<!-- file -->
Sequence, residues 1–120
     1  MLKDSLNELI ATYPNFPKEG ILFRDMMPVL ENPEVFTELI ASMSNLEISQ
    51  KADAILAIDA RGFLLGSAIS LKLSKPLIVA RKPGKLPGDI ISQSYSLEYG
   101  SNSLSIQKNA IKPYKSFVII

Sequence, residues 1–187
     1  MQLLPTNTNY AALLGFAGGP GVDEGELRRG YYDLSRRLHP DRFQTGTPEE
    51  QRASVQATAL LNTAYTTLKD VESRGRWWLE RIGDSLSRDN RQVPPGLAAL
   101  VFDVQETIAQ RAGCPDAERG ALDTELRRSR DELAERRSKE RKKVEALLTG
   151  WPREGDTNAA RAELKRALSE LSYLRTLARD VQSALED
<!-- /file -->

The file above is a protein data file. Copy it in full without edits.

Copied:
Sequence, residues 1–120
     1  MLKDSLNELI ATYPNFPKEG ILFRDMMPVL ENPEVFTELI ASMSNLEISQ
    51  KADAILAIDA RGFLLGSAIS LKLSKPLIVA RKPGKLPGDI ISQSYSLEYG
   101  SNSLSIQKNA IKPYKSFVII

Sequence, residues 1–187
     1  MQLLPTNTNY AALLGFAGGP GVDEGELRRG YYDLSRRLHP DRFQTGTPEE
    51  QRASVQATAL LNTAYTTLKD VESRGRWWLE RIGDSLSRDN RQVPPGLAAL
   101  VFDVQETIAQ RAGCPDAERG ALDTELRRSR DELAERRSKE RKKVEALLTG
   151  WPREGDTNAA RAELKRALSE LSYLRTLARD VQSALED